hey pretty

Ceci n'est pas une "dating blog."

Thursday, May 31, 2007

Just Chillaxin'

I decided yesterday that it's somewhat possible that a portion of the drama I experience in life I inflict upon myself. Note my strategic use of words like "possible" and "portion." I'm still somewhat in denial. Whereas I used to believe that I am simply a magnet for chaos and scandal, I'm starting to think that I might be encouraging it without meaning to. It's something I intend to work on.

With that in mind, I decided that the time has come to diversify my leisurely activities. Methinks that drama follows me around because I spend a lot of time tipsy, interacting with similarly tipsy individuals. Many of whom are boys. It's probably also time to bid adieu to these individuals, as I'm sure that even engaging a little bit in the whole "will guy who I did x,y, or z with a week ago ever call" game is no doubt bad for one's soul. I need to come up with a new system for emotionally managing my expectations of men. Probably being more judicious about who I get involved with would be a good start.

Normally my weeknights consist of either going to the gym and getting home kind of late, or hitting a drinking-related event and getting home kind of late. I used to be proud of this routine, as it signaled a healthy interest in self-maintenance and that I have a lot of friends because I can almost always find somebody to have an adult beverage with.

But in all honesty, I think I'm in a rut. Doing the same two things five days a week after work gets old. So although I have no intention to stop working out or to cease my hours of happy, I have decided to throw some new activities into the mix. I came to this decision late yesterday afternoon and decided that there was no time like the present to implement my plan.

Rather than going home and flopping down on the sofa to watch Tivoed episodes of the OC (Soapnet, holla!) as I had planned because I was still burnt out from the weekend, I instead headed over to Olsen's in Dupont Circle to watch and hear Marisha Pessl read from her novel Special Topics in Calamity Physics. This book has been on my to-read list for a while. All the major literary critics have been fawning over it and her (I'm sure it doesn't hurt that she's quite young and pretty), comparing her to David Foster Wallace and Jonathan Safran Foer (future husband of Hey Pretty, btw).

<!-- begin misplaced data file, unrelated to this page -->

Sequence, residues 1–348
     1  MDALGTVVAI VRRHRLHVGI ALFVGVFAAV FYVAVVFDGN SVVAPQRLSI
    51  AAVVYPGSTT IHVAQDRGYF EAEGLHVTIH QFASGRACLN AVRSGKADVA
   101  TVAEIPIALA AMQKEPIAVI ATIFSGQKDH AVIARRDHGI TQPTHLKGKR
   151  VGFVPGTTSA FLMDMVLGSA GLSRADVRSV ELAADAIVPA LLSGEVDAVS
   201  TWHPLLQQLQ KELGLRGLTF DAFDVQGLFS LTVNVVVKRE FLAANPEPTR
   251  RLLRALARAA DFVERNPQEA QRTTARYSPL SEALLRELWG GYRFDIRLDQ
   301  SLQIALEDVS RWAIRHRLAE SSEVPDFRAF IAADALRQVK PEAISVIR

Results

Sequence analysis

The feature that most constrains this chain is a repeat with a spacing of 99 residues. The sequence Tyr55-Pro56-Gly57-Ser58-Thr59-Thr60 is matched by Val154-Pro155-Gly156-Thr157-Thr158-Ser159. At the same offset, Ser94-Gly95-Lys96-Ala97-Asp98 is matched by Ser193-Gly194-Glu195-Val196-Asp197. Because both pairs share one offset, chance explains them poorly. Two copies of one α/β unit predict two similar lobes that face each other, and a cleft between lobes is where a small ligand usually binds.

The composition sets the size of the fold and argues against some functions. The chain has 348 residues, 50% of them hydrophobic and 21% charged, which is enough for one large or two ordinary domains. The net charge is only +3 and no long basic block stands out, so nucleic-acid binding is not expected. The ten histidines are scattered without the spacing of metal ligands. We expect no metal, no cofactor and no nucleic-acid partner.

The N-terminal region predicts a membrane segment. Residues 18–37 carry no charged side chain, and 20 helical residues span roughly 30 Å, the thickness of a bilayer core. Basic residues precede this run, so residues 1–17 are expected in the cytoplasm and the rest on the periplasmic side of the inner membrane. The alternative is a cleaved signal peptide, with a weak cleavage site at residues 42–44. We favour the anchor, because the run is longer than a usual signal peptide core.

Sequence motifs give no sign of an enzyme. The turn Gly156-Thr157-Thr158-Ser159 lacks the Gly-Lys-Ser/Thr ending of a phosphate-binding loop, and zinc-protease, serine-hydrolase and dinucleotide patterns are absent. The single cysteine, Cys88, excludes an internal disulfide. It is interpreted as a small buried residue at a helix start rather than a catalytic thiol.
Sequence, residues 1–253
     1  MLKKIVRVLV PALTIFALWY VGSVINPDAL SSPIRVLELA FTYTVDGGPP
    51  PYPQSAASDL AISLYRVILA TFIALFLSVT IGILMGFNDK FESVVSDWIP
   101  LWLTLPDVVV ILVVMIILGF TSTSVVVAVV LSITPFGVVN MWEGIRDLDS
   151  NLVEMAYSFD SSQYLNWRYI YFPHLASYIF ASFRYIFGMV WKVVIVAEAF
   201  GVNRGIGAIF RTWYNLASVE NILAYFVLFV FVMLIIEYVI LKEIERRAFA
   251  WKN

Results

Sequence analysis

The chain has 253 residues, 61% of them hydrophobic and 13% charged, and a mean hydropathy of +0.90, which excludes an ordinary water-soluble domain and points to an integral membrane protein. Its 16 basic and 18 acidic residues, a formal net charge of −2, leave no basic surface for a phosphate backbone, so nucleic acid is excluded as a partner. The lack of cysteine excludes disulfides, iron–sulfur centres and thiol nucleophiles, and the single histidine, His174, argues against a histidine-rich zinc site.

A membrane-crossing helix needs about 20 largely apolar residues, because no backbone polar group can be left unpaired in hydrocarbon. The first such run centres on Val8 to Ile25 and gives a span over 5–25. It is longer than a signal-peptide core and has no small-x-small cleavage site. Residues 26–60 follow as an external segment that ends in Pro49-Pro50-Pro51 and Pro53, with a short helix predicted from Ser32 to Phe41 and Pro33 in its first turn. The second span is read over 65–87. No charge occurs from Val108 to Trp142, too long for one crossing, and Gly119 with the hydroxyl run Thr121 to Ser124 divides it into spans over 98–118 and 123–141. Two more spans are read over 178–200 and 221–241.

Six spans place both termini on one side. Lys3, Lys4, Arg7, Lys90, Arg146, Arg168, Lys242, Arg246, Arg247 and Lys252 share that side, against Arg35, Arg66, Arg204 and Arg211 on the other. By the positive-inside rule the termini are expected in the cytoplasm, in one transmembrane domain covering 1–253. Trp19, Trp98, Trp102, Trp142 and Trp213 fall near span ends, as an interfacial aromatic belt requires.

Pessl talked a bit about her inspiration for writing and her life before she became a full-time novelist. Apparently she worked in a soulless corporate job in a cubicle she referred to as a "veal fattening pen", and used to spend several hours a day there furtively working on Special Topics until she eventually quit to give it her full time attention.

As a young writer who has kicked around the idea of writing fiction for a while, Pessl's little talk was inspiring. She spoke of two failed novels she wrote in college, and how she was finally able to write Special Topics because she had a clear plan for what it would be about.

Now that, I envy. On any given day, about a million independent mini plot lines for stories kick around in my brain. I can't seem to find a common thread to unite any of them, nor can I really elaborate on a full plot. When it comes down to it, I have no idea how to write fiction.

Following the reading I purchased a copy of Special Topics, along with The Paris Review Interviews Volume 1, and one of the 33 1/3 series of music history books, this one about the band Love.

Although I have yet to finish my book club book, I tore into the Paris Review Interviews when I got home. Reading what Dorothy Parker and Truman Capote had to say about their craft was reassuring. It seems that all writers are hampered by doubts and sporadic battles between id and ego. Good to know. I was also reminded that Parker is best remembered as a short story writer. She never once tackled prose in a longer format. Which got me to thinking--why overwhelm myself trying to write a novel if I can instead try my hand at short stories. After all, I have never been much of a long distance runner, but my sprinting skills are rather impressive (well, they were at one time).

Anyway.

With summer basically here, I foresee my schedule shaking itself up with more and better new activities. Tonight, I will attempt to re-introduce my creaky old joints to the concept of yoga (I've been on an I-hate-yoga-kick for a while, but maybe I can shake it) and in just a couple of weeks, we'll experience the glory that is Fort Reno.

Here's to a creatively productive and calm summer in DC.


Oh, and if any of you can recommend some nice, safe hiking paths in Rock Creek, do let me know. I want to go hiking this weekend, but I'm still a little freaked out about Chandra Leavy (yes, I know it was almost a decade ago....)

2 Comments:

Anonymous K said...

The book sounds fascinating, thanks for the tip.

Although I must point out she's cribbing "veal fattening pen" from Douglas Coupland's Generation X.

4:53 PM  
Blogger Kristin said...

That book's definitely on my list. I hope it becomes a book club selection but I might just have to pick it up anyway.

10:40 PM  

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